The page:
Create a new Pipeline and select the "Use the classic editor" option to configure your own Pipeline.
Select the source that is hosting your Git repo, in my case I'm selecting "Azure Repos Git" .
After selecting "Continue", select the ".NET Deskop" template and hit the "Apply" button
Name your pipeline (In my case: "Dacpac Automation - CI") and make sure you remove all template tasks except these below:
Select "Save & Queue" and when prompted to run the pipeline, select "Save and Run".
Wait for the pipeline run to finish and then click in your agent job name (in my case "Agent job 1") under the "Jobs" blade to get more details about the pipeline execution
From the left menu, you can see the pipeline tasks and you can click in the "Build solution" task to get more details about this build. The highlighted code represents the Dacpac file that was generated.
Once you confirm that the dacpac file has been generated, you can move forward to the third and final stage: the CD stage
Third and final stage - The Continuous Delivery side of things -
Once you have completed all the steps above to generate your dacpac file, you will use the Azure DevOps Release Pipeline to set up the Continuous Delivery process and publish the generated Dacpac file to your target SQL pool.
From your Azure DevOps project menu, select "Pipelines" and then select "Releases" to create a new Release Pipeline. Create a New Release Pipeline.
When prompted to select a template, select "Empty job"
Name your release pipeline (in this case: Dacpac Automation CD) and then select "+ Add an artifact". This will define a source location to be used by your release tasks.
When configuring your artifacts, select the source type as "Build". Then select your build pipeline that was created in the previous stage (in this case Dacpac Automation - CI ). Hit the "Add" button to create your artifact.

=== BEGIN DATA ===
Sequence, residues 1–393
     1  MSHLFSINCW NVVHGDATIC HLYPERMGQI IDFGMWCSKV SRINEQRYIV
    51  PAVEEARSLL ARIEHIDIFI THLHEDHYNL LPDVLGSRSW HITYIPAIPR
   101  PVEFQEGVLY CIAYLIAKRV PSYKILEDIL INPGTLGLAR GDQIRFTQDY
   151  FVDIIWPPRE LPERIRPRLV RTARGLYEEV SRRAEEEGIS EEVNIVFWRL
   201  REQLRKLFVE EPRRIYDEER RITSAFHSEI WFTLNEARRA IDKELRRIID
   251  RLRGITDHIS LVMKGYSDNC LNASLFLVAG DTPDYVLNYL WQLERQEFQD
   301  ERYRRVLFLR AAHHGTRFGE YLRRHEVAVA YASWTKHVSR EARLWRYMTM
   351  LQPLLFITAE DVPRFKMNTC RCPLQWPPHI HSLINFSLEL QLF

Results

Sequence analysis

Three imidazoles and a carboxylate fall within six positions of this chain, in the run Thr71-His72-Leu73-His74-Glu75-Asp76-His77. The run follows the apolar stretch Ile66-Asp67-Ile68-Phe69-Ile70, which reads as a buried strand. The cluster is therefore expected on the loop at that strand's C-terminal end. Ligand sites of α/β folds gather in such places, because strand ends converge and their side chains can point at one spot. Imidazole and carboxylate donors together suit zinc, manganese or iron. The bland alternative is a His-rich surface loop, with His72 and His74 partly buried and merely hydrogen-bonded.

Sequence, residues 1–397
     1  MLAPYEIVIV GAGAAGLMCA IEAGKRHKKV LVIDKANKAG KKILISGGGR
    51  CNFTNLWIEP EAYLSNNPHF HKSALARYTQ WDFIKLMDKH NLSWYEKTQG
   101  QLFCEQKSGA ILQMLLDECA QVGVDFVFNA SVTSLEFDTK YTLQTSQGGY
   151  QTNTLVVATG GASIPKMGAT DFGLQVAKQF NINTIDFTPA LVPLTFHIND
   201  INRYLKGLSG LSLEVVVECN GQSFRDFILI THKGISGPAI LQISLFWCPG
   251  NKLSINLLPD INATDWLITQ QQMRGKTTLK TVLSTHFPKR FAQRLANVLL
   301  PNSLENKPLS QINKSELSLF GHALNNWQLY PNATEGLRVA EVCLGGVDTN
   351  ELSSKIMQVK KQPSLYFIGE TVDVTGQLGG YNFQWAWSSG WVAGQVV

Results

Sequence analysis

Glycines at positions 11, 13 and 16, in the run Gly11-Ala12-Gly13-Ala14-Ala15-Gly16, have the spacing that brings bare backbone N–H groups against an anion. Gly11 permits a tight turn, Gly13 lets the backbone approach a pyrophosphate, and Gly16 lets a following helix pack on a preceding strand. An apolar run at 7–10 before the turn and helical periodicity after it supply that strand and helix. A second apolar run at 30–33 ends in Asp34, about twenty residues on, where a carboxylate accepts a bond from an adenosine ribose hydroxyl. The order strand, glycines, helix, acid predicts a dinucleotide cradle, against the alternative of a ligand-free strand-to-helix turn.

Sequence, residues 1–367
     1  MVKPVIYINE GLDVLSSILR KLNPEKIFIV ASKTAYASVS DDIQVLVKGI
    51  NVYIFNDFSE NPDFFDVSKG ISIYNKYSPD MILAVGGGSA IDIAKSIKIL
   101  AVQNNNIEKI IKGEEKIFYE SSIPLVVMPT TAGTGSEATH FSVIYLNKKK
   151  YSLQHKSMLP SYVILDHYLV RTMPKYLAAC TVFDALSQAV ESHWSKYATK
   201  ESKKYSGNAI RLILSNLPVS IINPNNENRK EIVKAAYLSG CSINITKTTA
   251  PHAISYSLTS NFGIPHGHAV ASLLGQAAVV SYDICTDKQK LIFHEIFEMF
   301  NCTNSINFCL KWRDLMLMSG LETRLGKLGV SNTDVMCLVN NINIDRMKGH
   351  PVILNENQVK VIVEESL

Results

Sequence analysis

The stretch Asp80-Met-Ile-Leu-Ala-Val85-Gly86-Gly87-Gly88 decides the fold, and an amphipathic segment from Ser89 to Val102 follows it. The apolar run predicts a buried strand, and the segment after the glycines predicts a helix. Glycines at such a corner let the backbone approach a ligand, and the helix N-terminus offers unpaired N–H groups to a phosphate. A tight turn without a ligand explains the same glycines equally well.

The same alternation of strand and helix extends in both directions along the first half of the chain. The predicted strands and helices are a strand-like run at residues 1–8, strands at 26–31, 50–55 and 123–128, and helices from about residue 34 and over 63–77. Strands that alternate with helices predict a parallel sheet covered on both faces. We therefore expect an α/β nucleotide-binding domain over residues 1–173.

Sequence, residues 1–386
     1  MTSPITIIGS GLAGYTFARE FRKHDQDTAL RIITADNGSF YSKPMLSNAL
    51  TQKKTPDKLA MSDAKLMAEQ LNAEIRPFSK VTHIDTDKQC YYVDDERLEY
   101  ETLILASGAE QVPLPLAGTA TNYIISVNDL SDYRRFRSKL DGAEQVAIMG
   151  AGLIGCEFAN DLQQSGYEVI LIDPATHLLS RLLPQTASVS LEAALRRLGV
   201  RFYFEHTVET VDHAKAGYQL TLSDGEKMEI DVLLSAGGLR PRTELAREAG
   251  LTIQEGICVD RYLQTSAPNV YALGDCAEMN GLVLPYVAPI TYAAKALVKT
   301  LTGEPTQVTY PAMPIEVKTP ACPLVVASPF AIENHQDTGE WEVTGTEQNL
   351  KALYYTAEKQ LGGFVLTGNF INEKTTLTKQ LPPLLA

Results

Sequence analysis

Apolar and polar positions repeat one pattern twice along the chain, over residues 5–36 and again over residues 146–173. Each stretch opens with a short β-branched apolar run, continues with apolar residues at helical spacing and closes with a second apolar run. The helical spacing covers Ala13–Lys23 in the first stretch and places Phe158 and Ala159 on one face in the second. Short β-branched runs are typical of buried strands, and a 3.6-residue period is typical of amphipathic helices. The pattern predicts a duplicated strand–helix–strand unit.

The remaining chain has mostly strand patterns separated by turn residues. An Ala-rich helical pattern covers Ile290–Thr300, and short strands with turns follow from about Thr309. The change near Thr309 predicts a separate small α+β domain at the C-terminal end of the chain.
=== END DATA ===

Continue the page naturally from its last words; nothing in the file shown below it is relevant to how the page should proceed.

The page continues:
Configure your release stage by selecting the "1 job , 0 task" link under your stage name.
From your Agent Job task, click on the plus (+) sign to add a new task to your Release Pipeline.
Search for "Data Warehouse" and select "Add" to add the Azure SQL Data Warehouse deployment task to your release.
Before configuring this task, you can create some variables to avoid exposing some task parameter values. Select the "Variables" tab and add the following variables to your release pipeline:
Note: you can secure any password in DevOps by using the locker icon when adding the variable. This will change the variable type to secret
You can use these variables when configuring your task. Just type $(variable_name). Choose "SQL DACPAC file" as your deploy type and browse your .dacpac file from your artifact location.
When browsing your dacpac file you should be looking into a path similar to this one below:
Save your release and then select the "Create Release" option. Hit the "Create" button to trigger a new release.
You can check the release progress by selecting the "Logs" option
Once the release is successfully finished, you can log into your target database to confirm the objects that have been deployed.
When using Azure Synapse Analytics across multiple environments, you can take advantage of Azure DevOps capabilities to automate the integration and delivery of your work, either resulting from Synapse Studio (Workspace artifacts) or from your SQL pools (database objects). With regard to the latter, you learned how to use Visual Studio capabilities to improve your Continuous Integration process by integrating all the database changes in Azure DevOps. Finally, and adding to this, you also learned how to improve your Continuous Delivery process by using Release Pipelines to deliver these changes to a target environment.